(GRAPHIC: COD_STOCKS_VS_GOLD_020112. CHART OF THE DAY. Size: 3C X 4in. (146.0 mm X 101.6 mm) Expected by 15:00.)
Feb. 1 (Bloomberg) -- U.S. stocks “hold out more promise than gold” because the precious metal has surged for more than a decade, according to Tobias Levkovich, Citigroup Inc.’s chief U.S. equity strategist.
The CHART OF THE DAY shows the ratio between the Standard & Poor’s 500 Index and the price of gold for immediate delivery since 1928, when calculations for the index begin. The red line depicts the direction for the past eight decades, and the gray lines indicate when the ratio has been unusually high or low.
Levkovich drew his conclusion in a Jan. 27 report from a similar chart, going back 125 years. The ratio fell to a low of 0.59 last year from a high of 5.55 in 2000, when gold started an 11-year run of annual gains, and was about 0.75 yesterday.
“Investors hiding out in gold have made a lot of money in the past decade,” he wrote. Even so, the ratio has fallen far enough out of line with the historical trend to show “that a shift back toward equities is very much due.”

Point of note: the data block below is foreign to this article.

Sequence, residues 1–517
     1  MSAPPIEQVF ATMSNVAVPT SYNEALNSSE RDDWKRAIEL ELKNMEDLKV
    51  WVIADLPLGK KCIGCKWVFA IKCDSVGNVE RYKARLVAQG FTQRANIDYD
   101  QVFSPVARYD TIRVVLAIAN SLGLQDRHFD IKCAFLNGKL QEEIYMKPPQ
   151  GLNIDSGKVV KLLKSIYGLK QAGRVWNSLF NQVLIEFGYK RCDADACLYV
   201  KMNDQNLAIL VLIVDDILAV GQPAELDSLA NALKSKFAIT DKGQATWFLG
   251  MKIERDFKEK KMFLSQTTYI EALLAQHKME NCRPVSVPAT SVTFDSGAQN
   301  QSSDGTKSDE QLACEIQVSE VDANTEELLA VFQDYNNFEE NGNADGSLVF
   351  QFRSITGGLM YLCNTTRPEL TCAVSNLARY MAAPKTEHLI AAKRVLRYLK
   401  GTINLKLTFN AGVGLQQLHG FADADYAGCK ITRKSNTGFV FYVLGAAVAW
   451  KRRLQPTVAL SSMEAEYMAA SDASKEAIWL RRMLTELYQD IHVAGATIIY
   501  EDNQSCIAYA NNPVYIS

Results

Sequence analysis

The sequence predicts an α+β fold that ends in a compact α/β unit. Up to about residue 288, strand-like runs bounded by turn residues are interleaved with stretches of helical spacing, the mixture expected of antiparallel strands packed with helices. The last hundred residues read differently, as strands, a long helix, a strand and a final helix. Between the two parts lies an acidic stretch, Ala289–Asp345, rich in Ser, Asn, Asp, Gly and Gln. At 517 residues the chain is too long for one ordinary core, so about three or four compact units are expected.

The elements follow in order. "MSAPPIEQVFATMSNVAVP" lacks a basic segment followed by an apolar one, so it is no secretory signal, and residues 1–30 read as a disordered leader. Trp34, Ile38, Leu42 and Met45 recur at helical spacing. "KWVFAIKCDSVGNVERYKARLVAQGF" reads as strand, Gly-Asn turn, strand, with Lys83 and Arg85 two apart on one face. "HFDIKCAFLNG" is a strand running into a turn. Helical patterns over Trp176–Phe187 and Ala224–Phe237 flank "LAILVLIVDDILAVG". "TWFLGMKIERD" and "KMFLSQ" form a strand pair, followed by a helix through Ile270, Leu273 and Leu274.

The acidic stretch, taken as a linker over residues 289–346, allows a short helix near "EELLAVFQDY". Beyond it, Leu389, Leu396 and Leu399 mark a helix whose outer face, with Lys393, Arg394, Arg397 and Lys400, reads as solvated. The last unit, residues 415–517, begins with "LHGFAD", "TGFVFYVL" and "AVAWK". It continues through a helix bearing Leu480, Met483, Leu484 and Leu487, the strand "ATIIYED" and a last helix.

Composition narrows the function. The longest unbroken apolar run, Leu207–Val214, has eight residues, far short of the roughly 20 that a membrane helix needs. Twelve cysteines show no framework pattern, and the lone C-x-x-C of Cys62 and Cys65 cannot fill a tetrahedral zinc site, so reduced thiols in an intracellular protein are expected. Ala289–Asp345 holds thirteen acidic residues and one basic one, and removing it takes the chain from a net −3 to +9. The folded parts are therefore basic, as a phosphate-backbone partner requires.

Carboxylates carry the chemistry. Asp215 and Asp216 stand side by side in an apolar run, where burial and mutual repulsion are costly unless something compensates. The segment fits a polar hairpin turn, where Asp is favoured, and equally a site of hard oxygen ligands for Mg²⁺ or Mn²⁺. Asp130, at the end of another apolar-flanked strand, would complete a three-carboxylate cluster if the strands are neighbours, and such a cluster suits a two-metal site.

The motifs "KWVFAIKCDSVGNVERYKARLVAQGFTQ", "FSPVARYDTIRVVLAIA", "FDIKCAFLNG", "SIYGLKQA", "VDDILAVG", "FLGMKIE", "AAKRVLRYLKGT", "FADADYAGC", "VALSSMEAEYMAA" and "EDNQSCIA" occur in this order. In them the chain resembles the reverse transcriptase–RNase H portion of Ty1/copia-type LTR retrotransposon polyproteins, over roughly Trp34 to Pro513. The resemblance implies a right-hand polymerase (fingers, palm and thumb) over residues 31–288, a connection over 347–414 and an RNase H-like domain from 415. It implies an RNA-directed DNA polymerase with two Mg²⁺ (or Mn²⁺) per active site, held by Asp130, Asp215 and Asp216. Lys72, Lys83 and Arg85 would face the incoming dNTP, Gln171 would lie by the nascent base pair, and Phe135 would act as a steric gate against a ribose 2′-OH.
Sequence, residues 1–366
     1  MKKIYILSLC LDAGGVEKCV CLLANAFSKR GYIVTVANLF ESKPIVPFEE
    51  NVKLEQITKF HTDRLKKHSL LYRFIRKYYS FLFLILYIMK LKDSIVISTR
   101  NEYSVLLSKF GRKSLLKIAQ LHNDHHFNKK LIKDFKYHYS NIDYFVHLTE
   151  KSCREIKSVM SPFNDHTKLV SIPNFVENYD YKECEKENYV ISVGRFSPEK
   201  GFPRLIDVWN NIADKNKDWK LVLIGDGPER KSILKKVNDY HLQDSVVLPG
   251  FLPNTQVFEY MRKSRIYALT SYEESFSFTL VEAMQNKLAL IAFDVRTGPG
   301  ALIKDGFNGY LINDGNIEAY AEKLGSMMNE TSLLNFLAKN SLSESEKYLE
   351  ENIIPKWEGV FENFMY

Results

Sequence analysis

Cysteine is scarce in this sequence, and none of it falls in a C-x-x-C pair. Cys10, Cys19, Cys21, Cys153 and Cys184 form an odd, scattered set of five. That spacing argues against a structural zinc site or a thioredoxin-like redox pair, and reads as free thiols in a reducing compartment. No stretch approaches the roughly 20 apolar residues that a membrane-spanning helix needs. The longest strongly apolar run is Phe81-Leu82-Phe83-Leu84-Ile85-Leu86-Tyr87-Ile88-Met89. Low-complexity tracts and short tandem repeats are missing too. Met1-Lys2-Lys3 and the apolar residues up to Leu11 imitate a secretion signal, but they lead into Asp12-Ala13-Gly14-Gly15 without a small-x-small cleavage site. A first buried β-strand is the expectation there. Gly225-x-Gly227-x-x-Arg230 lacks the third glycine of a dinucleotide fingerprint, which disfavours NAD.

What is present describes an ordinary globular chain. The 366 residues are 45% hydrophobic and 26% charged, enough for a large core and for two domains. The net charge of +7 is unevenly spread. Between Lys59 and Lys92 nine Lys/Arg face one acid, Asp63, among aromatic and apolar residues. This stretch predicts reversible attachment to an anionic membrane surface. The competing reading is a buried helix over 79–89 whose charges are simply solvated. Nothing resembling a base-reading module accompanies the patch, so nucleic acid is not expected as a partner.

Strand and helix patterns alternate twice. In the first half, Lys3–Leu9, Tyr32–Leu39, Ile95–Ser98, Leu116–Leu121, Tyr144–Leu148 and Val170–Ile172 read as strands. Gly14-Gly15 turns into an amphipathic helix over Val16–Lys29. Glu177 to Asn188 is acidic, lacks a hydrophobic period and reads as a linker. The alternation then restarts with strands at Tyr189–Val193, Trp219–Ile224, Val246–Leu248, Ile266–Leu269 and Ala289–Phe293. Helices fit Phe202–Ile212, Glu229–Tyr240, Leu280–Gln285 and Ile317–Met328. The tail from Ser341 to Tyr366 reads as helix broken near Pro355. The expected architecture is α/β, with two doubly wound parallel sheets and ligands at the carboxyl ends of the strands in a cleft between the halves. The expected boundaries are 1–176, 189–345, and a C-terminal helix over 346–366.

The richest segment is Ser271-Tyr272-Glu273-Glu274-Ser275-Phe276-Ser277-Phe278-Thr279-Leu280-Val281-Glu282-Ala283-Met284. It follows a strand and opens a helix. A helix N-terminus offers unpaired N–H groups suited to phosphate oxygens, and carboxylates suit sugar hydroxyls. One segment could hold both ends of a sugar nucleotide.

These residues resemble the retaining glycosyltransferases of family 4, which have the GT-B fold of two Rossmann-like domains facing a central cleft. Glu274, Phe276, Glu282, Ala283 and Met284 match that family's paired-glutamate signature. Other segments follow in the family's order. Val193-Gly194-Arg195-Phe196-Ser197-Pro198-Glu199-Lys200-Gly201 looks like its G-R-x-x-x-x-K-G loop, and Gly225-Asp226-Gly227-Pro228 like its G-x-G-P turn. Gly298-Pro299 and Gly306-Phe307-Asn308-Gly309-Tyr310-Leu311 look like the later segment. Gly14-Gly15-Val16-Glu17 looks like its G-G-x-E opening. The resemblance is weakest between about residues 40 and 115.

Since gold’s streak started in 2001, the price has risen more than sixfold. The S&P 500 is down 0.6 percent since the end of 2000.
Gold is benefiting from concern that the dollar may lose value, Levkovich wrote. The Dollar Index, a gauge of the U.S. currency’s value against the currencies of six major trading partners, has lost 28 percent since the beginning of 2001.
--Editors: Joanna Ossinger, Stephen Kleege
-0- Feb/01/2012 18:57 GMT
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